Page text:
National Flowers and Trees, Mapped

Countries often choose national foods, drinks, animals, sports, and other symbols to celebrate and promote their unique identity and culture.

Then, there are plants, specifically flowers and trees. Yes, some countries have declared national flowers, like rhododendrons, roses, and orchids. Even more common are national trees, of which one stands alone, strong and powerful… kind of like an oak tree.

Let’s explore the 31 national flowers and 92 national trees of various nations.

View National flowers and trees in a full screen map

Rhododendrons, Roses, the Other 26 National Flowers

Flowers have long been used as symbols of a country’s identity and culture. When the 31 countries with national flowers made their decisions, they considered history, culture, and, of course, what was native to the nation.

Of 195 countries in the world, only 15% have declared a national flower. Yet, even still, we saw overlap in their choices: rhododendrons (3), roses (2), Lillies (2), poppies (2), and orchids (2) all were chosen by more than one country.


Rhododendrons are a symbol of resilience and strength, which may be why three countries selected them as their national flower. Nepal’s the Rhododendron arboreum, while both the Emirate of Caucasus and Kashmiristan choose the Rhododendron ponticum to represent them.

Roses are another popular choice for national flowers. Both England and the Maldives have selected types of roses for their national flower: the Tudor rose (an emblem) and Pink rose, respectively. Despite their names, neither South Korea’s Rose of Sharon nor Chile’s Lapageria rosea are roses. Like the rose, orchids are the national flower of two nations: Sikkim (Noble orchid) and Singapore (Orchid).

Meanwhile, lilies symbolize purity, innocence, and tranquility. You might think this makes them a popular national flower choice. While Sri Lanka’s Water Lily and Finland’s Lily of the Valley suggest this, the Lily of the Valley is a bit of a misnomer—it’s actually part of the asparagus family. Only Sri Lanka is truly represented by this particular type of flower.

Check out the rest of the national flowers on the map. Enjoy the simplicity of the Tiaré Flower (Cook Islands) or the bright bloom of Samoa’s Red ginger before moving on to national trees…

National Trees Are Overwhelmingly Oak


Far more nations have designated national trees (92) than flowers (31). Also unlike national flowers, there’s a very common national tree: Oaks (18). Even so, there’s more than one Oak variety for nations to choose as their national tree.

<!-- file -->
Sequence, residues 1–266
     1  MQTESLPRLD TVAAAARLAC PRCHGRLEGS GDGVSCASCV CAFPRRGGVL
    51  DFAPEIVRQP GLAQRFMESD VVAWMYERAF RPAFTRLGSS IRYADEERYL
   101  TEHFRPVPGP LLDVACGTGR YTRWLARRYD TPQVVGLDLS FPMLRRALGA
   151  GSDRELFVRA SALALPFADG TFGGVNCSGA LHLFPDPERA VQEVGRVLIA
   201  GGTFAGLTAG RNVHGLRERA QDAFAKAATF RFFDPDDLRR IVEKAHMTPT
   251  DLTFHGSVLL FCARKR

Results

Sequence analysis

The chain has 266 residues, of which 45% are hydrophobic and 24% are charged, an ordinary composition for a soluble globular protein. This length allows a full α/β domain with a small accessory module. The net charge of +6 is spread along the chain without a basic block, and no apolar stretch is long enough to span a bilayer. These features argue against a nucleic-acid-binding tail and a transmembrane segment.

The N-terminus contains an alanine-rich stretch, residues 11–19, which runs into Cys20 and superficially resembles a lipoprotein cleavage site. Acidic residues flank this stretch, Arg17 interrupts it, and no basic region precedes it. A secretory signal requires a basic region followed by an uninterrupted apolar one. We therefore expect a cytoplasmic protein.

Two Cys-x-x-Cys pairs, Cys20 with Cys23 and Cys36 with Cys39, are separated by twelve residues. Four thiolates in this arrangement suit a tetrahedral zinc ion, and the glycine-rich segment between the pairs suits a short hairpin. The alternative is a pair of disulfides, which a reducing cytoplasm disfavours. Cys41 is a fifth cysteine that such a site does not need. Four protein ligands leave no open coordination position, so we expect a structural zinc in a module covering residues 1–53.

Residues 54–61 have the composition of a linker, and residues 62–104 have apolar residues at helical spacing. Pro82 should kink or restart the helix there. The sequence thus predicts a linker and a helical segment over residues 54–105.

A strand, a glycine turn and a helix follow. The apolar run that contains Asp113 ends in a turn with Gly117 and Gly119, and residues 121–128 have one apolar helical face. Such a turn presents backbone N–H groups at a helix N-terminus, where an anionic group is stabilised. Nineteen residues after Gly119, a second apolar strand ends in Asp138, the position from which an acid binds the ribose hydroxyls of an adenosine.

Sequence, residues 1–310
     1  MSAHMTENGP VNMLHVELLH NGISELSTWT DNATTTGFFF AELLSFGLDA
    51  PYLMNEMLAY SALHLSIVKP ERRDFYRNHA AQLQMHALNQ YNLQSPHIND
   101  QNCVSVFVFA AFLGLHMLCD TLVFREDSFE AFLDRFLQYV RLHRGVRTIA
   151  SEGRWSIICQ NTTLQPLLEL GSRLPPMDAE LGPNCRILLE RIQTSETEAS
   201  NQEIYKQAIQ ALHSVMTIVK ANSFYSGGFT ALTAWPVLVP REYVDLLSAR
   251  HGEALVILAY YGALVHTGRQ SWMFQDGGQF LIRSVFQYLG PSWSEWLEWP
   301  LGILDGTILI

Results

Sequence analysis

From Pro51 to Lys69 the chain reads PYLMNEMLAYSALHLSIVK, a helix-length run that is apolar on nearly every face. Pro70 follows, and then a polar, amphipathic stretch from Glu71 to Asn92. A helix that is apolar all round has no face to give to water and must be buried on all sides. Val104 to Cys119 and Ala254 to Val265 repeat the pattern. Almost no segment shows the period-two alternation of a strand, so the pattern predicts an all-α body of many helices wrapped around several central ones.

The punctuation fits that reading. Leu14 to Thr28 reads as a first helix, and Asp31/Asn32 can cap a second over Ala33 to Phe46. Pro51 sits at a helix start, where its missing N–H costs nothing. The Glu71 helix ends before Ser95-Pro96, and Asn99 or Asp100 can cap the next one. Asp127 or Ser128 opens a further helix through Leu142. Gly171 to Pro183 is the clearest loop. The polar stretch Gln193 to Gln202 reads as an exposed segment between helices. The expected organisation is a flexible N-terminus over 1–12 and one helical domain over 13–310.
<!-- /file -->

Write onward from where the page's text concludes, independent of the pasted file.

National tree common name # Countries
Oak, Pedunculate oak 12 Belarus*, Croatia, Denmark, England, Estonia, Latvia, Lithuania, Moldova, Poland, Romania, Serbia, United Kingdom
Oak 2 Germany, United States
Sessile oak 2 Ireland, Wales
Cork oak 1 Portugal
Golden oak 1 Cyprus

The Pedunculate oak is the national tree of 11 countries—12 if you count Belarus, for which it is unofficial. All 12 are located throughout Europe, where this type of oak is native (it’s often referred to as the English oak or European oak).

However, not every European country is represented by the Pedunculate oak. Ireland and Wales’ national tree is the Sessile oak. Portugal has its Cork oak and geographically-Western-Asia yet culturally Southeastern European Cyprus chose the Golden oak. Meanwhile, Germany (and the U.S., though it’s decidedly not a European country) selected plain old oaks.

Palms, pines, and olive trees are also popular trees, as you can see in the table. You’ll find them all on the map… along with photos of each national flower or tree.

Display Images on Your Map

You may have noticed the thumbnail images we’ve included in this map, something you can do with your own BatchGeo custom map.

An image is worth a thousand words. That’s why we made it easy to include logos, icons, photos, or other imagery in your map itself.

Here’s how to do it:

  1. First, you’ll want to check that your images are small, not more than 150 pixels in either direction.
  2. Next, you’ll need to either upload your images somewhere, such as a blog or image provider, or pull in images that are already hosted online, like from Wikipedia (
  3. In your spreadsheet, create a separate column for your images, with a heading like “Images.” You can include a single image for every location.
  4. Add the URL for every image you want to include in that column.

Then, map your data, as usual, using our free mapping tool. You’ll be able to select the spreadsheet’s “Image” column when you “Show Advanced Options,” if BatchGeo doesn’t discover it automatically.

One note on hosted images: Sometimes Wikipedia or other sites will remove an image or restrict its access. To avoid this, you’ll want to host map images on Dropbox or a similar cloud image service.